- The mix of motivated students and faculty overseen by a Vice
Chancellor to whom dedication and discipline came naturally produced results
which made the Bar, Bench, law firms and other users sit up and take notice.
As his graduates entered the field, it was clear that
law had joined the ranks of other professions where much could be expected
from an entrant, and the entrant could expect commensurate responsibility,
position and compensation. Inevitably this led to the creation of other
national law schools which largely followed the Menon model, and whose heads
were often Menon trainees.
That one achievement would have been enough to
guarantee him a place in any honours listing, but Menon was far from done.
Judges too, especially young recruits to the service, needed training.
The National Judicial Academy (NJA) was set up in
Bhopal, and the Menon magic of institution-building created another sterling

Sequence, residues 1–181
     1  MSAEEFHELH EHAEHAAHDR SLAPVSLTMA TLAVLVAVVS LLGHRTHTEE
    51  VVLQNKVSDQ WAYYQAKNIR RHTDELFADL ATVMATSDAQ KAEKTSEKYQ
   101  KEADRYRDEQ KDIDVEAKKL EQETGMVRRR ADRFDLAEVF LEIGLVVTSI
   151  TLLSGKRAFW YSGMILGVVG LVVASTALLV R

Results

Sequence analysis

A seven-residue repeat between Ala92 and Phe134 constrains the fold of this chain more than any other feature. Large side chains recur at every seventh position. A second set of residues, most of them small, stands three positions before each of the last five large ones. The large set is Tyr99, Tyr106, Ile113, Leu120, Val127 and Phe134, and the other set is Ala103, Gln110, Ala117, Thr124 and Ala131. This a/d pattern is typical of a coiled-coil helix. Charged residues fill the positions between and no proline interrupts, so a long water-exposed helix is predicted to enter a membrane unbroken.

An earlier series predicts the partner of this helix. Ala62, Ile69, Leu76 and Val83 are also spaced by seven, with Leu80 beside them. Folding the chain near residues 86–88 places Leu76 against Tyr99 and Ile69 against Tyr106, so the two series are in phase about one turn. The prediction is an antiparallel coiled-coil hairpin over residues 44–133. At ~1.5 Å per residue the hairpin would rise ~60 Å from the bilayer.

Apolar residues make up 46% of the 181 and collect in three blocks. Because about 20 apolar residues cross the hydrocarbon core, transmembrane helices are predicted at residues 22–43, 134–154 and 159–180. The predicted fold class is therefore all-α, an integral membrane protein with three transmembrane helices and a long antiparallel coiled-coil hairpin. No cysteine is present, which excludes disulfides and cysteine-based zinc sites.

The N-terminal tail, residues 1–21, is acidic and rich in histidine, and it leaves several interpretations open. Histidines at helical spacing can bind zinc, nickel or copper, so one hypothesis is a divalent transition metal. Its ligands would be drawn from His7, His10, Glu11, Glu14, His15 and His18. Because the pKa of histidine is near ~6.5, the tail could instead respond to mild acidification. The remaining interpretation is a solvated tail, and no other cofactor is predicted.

institution from scratch. It became de rigueur to have this on the resume of
a judicial officer, and it was a mark of subject expertise to be invited to
teach a course.
In time this expanded to reach higher levels of the
judiciary, especially in new areas of law.
Many senior judges received their first exposure to
public interest litigation and human rights and environmental issues at the
NJA long before these became current coinage indeed, Menon’s endorsement of
these outlier subjects was a key reason for sceptics to become adherents.
Supreme Court judges also came to teach, learn and, on occasion, receive
reprimand for an errant judgment, which took the occupant of the apex court
back to his college backbencher days.